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tv   France 24  LINKTV  November 12, 2015 2:30pm-3:01pm PST

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>> the headlines -- islamic state group claims responsibility for twin blasts in beirut. aiming to split the caliphate in two, the kurdish forces advanced. acrimonious talks in the migration crisis. you're watching "live from paris."
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thanks for joining us. at least 41 people have been killed in twin suicide tax -- attacks in beirut. the islamic state group has claimed responsibility. hezbollah is fighting alongside government forces in syria's civil war. good evening. tell us more about what you have seen. >> we have just returned from the immediate site of the pond blasts. the bomb security forces have moved people out. where people have been pulled away. that is obviously from some of the 40-plus people killed and
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200 wounded. an extremely large explosion, made worse by the fact that aere were twin detonations, typical tactic to try to cause the most amount of harm possible, obviously not just killing and injuring people, but drawing in those who come to help the victims of the first explosion. then the second explosion was some 30 meters away as people rushed in. it took more lives. this is a contained area with high buildings and narrow streets. it concentrates the explosion. all these reasons contribution to this -- contribute to this having been such a terrible attack. we are hearing the islamic state group has claimed responsibility for the attack, in an area where there doesn't seem to be any obvious target other than the
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fact that this is a neighborhood shia,s generically predominantly shia, and that there would be a large number of hezbollah supporters in an area like this. chris: adam, thank you for joining us. meanwhile, french president francois hollande has been speaking out about these attacks, describing it as "despicable" and expressing his horror over them. for more, i'm joined by a journalist. thank you for talking to us. islamic state has claimed responsibility. perhaps no real surprise there? >> no. nobody is surprised that isis would come out and claim responsibility for such atrocious terrorist attacks that target civilians. however, they -- there have been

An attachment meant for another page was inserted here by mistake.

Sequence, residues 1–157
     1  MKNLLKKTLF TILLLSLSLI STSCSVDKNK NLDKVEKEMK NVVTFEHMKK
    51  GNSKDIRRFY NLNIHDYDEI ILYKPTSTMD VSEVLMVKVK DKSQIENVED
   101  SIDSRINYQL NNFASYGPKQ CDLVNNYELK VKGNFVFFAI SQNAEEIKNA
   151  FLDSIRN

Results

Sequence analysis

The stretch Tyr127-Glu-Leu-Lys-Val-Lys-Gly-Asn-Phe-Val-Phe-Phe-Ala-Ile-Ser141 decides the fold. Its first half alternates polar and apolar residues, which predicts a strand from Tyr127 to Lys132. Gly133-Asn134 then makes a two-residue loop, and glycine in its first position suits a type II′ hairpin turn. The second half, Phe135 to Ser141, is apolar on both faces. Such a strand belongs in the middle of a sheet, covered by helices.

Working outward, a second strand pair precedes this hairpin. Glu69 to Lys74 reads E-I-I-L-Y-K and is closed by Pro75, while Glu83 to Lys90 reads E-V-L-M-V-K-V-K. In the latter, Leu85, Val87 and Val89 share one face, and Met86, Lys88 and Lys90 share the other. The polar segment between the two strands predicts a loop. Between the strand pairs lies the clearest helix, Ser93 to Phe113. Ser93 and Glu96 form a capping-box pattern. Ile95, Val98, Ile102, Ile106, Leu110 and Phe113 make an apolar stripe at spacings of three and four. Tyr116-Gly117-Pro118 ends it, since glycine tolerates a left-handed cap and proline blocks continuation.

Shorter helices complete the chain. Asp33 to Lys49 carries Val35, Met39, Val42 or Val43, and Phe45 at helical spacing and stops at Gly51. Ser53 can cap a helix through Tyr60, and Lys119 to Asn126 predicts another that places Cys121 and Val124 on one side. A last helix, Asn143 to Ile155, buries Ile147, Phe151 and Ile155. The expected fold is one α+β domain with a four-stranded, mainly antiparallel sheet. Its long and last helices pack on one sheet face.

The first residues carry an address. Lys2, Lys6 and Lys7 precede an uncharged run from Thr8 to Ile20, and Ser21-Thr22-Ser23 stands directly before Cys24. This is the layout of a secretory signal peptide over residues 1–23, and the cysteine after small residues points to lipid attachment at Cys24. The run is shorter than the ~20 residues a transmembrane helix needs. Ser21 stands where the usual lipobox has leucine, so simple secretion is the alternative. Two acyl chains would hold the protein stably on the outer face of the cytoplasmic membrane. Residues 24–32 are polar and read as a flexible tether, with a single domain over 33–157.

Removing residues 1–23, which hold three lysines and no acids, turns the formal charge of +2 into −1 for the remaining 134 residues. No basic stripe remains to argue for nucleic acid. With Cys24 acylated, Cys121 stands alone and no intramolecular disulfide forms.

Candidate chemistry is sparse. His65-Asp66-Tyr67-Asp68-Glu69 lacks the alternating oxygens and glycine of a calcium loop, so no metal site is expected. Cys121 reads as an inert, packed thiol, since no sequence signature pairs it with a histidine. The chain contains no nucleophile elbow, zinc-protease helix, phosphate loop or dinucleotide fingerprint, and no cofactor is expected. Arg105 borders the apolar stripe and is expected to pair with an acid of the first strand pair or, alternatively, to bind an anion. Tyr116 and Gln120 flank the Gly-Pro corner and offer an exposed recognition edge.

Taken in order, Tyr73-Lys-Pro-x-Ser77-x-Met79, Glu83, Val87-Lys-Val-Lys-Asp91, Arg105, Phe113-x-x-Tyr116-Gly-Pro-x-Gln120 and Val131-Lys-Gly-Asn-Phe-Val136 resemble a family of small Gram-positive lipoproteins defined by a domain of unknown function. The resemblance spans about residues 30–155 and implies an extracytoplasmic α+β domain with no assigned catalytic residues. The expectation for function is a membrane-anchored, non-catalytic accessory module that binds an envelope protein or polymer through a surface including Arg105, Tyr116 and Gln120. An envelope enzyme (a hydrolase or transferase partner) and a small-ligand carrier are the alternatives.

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a lot of condemnations by lebanese across the board from different areas and religious groups that have condemned such an attack. however, there is a lot of blame as well on hezbollah for inviting such attacks on lebanese soil because of their involvement in the syrian arms struggle- syrian armed . there are mixed feelings among many lebanese and a lot of syrians living in lebanon that hezbollah brought this upon itself. that it invites such attacks because of its involvement in syria. chris: you said there have been a number of attacks in lebanon since the civil war in syria started. what about the capacity to present them -- to prevent them? almost 18has been
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months since we've seen a similar attack in the hezbollah stronghold. there have been attacks targeting two sunni mosques in aaa last year as well -- in tripoli last year as well. since the offensive across the lebanese-syrian border, there has been much better -- they have been much better equipped. they have managed to stop a lot of suicide bombers or a lot of, men wearing those suicide belts, , across from syria. what is worrisome in this case in what we've seen today in the beirut suburb is that those groups might become homegrown and not have crossed the border from syria to lebanon. and this is a concern and a new